Israel announces ceasefire and hostage release deal

Late Tuesday night the Israeli government approved a Qatari-brokered deal that would see 50 hostages released in exchange for 150 Palestinian prisoners and a four-day temporary ceasefire.

Israel announces ceasefire and hostage release deal
AP Photo/Mahmoud Abo Salamah
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The Israeli government late on Tuesday night approved a Qatari-brokered deal with Hamas that would see 50 hostages exchanged for 150 Palestinian prisoners and a temporary ceasefire. 

On Wednesday, Hamas said that a four-day truce would begin on Thursday at 10:00 a.m. The release of 10 additional hostages could reportedly extend the lull in fighting for an additional day per group of 10.

240 captives have been held by Hamas and Gazan other terror groups since its surprise attack on southern Israel on Oct. 7. They include foreign nationals and Israeli civilians including women and children as young as 10 months old.

According to the Times of Israel, an Israeli government official told reporters that the deal involves the release of 50 living Israeli citizens, who are expected to be children, mothers, and other women. The hostages will be released in groups of 12-13 people over the course of four days. 

In exchange for the initial 50 hostages, Israel will release 150 teenage and female Palestinian security prisoners. On Wednesday, the government published a list of 300 prisoners who are up for release. While none have been convicted of murder, many were sentenced for attempted murder, rioting and rock-throwing. The release of additional Israeli hostages would see more of the Palestinian prisoners released.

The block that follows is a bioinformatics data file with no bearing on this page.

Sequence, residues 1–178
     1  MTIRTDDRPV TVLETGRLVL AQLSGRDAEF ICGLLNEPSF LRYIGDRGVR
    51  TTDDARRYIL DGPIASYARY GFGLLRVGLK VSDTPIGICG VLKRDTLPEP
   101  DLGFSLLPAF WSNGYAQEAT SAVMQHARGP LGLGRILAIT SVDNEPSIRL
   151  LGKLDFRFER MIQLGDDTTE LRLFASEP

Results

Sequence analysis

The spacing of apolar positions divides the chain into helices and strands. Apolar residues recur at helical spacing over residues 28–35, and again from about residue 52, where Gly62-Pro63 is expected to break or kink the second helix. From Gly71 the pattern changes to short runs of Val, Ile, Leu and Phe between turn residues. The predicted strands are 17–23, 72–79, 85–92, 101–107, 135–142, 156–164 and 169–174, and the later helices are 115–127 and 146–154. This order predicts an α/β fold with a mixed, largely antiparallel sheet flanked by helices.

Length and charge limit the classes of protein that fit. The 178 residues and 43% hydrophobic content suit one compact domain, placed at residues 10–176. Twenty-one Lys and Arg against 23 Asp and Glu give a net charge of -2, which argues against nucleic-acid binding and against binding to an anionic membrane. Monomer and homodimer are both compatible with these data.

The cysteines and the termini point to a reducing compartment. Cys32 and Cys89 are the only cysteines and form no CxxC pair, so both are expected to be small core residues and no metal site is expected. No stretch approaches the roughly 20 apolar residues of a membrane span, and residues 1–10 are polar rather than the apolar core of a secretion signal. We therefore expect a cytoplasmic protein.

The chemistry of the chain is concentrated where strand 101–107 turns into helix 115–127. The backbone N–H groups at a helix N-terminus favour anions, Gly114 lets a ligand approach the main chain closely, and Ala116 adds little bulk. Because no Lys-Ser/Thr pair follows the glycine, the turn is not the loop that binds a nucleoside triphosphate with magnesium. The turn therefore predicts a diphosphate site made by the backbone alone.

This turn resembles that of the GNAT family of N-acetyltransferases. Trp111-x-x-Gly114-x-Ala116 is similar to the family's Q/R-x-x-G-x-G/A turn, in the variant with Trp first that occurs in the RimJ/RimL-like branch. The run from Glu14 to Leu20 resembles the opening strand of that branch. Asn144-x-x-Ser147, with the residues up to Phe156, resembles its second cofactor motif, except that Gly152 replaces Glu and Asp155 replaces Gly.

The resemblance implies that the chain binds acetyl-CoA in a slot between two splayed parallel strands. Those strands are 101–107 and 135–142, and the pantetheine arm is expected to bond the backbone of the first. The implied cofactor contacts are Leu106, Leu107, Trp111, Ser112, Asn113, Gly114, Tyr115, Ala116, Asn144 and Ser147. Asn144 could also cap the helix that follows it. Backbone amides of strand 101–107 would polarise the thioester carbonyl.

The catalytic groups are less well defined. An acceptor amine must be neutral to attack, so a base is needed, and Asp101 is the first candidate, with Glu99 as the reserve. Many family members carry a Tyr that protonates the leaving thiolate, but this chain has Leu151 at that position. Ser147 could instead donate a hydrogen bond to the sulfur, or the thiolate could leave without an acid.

Israel has agreed to disproportionate exchanges for hostages or the bodies of deceased soldiers on several occasions. In 2011, the Jewish state released 1,027 Palestinian prisoners, among them convicted terrorists, in exchange for the return of Israeli soldier Gilad Shalit. 

Other elements of the deal include Israel allowing the entry of fuel and expanded humanitarian aid into the strip. According to Hamas, Israel also agreed to stop drone flights over southern Gaza and only perform them in the north during the window of 10:00 a.m. to 4:00 p.m. 

The Israeli government also said that part of the deal includes allowing the Red Cross access to the remaining hostages.  

A statement by the Israeli government said that Israel would continue its war to return all the hostages, eliminate Hamas, and prevent any future threat from Gaza. 

Benny Gantz, a member of the war cabinet alongside Defence Minister Yoav Gallant and Israeli prime minister Benjamin Netanyahu, said the deal  “is the basis for continuing the necessary operational efforts [in Gaza], including in the southern arena and possibly in other arenas.”

“I will say honestly – this [hostage deal] is a difficult outline, it is painful, but it is also right,” said Gantz.

The hostage deal was negotiated by Qatari officials, who have been involved in previous mediation efforts between Israel and Hamas, in partnership with Egypt and the United States. Several of Hamas's senior leaders reside in Qatar and have close ties to the Qatari government

Fighting between Hamas and the Israel Defence Forces was still ongoing on Wednesday. The IDF continues to urge Gazans to move southwards as they expand fighting in the north of the strip. 

Over 1,200 Israelis have been killed so far in the ongoing war. The Hamas-run health ministry in Gaza claims that 13,000 people have been killed, but these numbers cannot be independently verified and do not distinguish between civilians and terrorists. 


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